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Nutr Metab Cardiovasc Dis. 2001 Aug;11(4):244-8.

Is a low fat diet the optimal way to cut energy intake over the long-term in overweight people?

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  • 1Dept of Medicine, Monash Medical Centre, Clayton, Victoria, Australia.

Abstract

Successful weight loss depends on maintaining a sustained negative energy balance. This can be achieved on diets with a normal (40% energy) fat content as well as on low fat diets. Using a 'modified fat' (MF) diet enriched with monounsaturated fat (MUFA), body weight may be lost either by calorie counting, or by allowing ad libitum food intake with careful food selection. In the latter approach high energy, high MUFA foods (predominantly olive oil, but also may include nuts and avocado) should contribute no more than 20% total energy to the diet, and other foods should be selected to minimise meal energy density. This can be achieved simply by the consumption of a wide variety of vegetables and whole grain cereal foods. It is also important to restrict foods high in saturated fat and to encourage regular exercise. Such a 'modified fat' low energy diet designed for weight loss should also contribute numerous health benefits in relation to improved metabolic control in Type 2 diabetes and reduced cardiovascular disease risk (as the diet is not only rich in MUFA but also in a range of dietary antioxidants and other bio-active phytochemicals).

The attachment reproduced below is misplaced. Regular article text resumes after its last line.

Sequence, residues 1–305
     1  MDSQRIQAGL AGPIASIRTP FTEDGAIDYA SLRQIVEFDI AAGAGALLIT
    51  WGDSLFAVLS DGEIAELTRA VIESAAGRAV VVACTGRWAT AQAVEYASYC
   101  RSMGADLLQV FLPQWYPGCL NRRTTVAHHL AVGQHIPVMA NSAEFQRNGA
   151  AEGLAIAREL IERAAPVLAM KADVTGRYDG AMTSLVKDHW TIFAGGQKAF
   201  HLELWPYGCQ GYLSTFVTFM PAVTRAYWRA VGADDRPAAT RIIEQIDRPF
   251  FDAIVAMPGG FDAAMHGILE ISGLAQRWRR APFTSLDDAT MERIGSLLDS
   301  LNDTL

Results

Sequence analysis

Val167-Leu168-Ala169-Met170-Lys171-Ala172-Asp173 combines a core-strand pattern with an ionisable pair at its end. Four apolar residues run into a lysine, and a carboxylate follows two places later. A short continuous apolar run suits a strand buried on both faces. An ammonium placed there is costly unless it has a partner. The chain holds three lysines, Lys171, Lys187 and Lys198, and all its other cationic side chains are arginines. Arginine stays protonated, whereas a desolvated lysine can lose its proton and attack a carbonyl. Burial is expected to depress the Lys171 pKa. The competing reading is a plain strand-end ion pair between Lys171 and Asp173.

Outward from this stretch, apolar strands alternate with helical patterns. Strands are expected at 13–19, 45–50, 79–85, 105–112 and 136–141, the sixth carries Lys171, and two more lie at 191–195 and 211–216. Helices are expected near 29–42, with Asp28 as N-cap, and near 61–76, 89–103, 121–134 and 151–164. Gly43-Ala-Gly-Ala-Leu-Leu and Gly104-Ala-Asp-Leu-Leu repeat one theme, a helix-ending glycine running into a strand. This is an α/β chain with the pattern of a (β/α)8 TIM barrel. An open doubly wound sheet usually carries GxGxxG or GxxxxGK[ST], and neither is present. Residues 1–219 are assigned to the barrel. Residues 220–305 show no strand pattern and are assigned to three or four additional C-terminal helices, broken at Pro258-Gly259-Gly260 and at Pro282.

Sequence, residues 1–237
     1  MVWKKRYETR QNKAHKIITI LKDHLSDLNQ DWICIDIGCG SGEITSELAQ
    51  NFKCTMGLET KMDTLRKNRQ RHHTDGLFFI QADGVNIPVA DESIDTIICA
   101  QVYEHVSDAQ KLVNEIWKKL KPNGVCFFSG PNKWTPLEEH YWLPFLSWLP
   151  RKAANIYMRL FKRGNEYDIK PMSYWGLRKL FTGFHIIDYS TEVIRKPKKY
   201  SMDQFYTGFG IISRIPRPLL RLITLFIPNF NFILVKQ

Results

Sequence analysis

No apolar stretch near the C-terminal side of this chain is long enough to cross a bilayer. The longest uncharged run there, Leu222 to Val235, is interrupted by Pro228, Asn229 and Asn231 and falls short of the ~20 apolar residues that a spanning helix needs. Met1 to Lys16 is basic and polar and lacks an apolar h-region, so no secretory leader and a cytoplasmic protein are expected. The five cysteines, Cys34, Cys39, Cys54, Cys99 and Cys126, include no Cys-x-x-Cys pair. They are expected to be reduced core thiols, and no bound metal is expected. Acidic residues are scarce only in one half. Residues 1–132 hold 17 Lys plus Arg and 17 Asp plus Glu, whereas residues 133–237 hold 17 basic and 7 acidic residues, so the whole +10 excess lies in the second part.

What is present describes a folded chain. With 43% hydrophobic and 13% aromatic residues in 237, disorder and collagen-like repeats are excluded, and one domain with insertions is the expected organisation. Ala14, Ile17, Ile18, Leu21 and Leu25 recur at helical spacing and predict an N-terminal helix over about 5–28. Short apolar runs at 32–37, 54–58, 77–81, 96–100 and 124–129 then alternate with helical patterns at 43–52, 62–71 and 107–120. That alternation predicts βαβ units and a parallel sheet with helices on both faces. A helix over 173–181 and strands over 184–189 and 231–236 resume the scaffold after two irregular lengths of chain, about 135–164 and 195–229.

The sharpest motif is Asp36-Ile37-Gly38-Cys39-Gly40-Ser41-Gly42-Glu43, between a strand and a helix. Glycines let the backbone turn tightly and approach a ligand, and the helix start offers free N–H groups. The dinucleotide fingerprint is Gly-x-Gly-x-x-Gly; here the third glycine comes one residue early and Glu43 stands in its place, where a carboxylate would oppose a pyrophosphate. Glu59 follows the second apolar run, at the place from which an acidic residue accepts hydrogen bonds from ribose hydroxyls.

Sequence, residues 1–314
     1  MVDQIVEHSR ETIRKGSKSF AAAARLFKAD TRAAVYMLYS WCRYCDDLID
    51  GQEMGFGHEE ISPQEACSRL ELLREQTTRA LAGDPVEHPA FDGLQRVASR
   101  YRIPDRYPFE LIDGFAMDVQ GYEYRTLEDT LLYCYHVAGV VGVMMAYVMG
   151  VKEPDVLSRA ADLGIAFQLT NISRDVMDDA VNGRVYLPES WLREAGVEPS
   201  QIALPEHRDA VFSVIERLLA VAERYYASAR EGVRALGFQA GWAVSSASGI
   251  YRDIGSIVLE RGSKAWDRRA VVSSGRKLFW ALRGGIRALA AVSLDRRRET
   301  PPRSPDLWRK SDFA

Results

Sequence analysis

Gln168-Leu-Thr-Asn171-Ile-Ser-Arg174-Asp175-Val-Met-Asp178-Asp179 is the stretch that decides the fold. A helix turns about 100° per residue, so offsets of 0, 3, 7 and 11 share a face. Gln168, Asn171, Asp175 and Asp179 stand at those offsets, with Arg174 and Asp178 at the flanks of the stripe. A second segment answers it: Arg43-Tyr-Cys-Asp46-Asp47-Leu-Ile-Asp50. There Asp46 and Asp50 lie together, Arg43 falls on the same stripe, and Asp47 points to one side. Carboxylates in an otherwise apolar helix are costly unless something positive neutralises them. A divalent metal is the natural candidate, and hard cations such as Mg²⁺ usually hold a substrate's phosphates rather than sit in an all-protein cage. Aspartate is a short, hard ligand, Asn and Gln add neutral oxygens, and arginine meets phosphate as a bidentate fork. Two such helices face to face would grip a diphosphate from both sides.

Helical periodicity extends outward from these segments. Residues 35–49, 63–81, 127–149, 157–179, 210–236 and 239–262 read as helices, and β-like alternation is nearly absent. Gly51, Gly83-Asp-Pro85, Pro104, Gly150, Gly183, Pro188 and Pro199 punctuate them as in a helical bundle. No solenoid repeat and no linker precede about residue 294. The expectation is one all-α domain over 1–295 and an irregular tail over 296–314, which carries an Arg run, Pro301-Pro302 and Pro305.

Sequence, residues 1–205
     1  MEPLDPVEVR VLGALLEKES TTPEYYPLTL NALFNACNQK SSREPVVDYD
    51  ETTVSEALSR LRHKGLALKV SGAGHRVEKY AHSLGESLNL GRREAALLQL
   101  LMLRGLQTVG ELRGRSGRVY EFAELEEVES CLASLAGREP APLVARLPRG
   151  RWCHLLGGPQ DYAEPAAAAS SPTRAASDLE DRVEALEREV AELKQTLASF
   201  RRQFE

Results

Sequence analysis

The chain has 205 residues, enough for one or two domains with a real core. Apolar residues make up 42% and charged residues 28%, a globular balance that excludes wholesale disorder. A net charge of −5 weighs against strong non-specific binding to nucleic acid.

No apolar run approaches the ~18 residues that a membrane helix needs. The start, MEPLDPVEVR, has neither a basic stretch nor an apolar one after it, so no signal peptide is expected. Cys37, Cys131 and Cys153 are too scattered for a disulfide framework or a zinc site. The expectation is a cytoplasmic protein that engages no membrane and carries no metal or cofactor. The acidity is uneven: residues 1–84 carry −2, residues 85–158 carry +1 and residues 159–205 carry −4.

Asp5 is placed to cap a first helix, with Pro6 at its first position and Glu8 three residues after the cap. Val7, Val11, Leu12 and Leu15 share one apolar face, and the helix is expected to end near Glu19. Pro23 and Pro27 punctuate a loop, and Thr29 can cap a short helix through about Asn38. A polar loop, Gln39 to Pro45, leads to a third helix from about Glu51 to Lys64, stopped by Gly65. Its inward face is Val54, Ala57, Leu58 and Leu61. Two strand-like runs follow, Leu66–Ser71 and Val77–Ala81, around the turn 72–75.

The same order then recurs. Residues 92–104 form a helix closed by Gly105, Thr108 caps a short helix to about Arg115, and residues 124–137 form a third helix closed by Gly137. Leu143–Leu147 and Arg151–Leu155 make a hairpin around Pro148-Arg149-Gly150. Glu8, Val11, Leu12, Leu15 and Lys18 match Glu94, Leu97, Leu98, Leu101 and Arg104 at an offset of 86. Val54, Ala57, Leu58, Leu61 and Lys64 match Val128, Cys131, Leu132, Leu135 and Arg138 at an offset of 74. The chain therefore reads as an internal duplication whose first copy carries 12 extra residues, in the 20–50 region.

PMID:
11831109
[PubMed - indexed for MEDLINE]
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